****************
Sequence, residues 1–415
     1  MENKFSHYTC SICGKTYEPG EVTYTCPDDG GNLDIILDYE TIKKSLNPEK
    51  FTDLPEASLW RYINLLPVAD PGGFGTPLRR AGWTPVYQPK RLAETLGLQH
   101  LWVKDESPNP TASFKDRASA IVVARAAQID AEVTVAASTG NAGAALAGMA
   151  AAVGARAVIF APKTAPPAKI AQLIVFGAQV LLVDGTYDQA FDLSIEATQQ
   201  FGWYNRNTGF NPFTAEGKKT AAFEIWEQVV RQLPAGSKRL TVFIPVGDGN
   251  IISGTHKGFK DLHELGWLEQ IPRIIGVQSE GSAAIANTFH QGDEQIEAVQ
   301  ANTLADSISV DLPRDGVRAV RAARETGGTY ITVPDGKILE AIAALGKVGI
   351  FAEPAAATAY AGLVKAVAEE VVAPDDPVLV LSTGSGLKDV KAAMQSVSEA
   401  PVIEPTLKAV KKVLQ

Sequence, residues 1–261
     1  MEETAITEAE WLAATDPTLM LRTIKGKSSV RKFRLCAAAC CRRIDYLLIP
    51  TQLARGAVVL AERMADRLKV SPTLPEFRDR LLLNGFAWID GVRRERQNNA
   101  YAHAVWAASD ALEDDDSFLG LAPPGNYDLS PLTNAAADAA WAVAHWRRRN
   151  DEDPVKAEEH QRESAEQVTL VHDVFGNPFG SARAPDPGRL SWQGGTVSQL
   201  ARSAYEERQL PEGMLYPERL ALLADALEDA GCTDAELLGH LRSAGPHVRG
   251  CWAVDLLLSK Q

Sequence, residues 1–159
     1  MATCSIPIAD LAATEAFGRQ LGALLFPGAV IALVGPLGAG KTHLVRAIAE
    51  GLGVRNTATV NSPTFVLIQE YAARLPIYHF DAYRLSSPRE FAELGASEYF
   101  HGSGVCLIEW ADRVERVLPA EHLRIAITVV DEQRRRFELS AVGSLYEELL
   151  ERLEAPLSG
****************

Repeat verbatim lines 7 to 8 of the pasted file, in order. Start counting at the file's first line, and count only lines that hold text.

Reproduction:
   251  IISGTHKGFK DLHELGWLEQ IPRIIGVQSE GSAAIANTFH QGDEQIEAVQ
   301  ANTLADSISV DLPRDGVRAV RAARETGGTY ITVPDGKILE AIAALGKVGI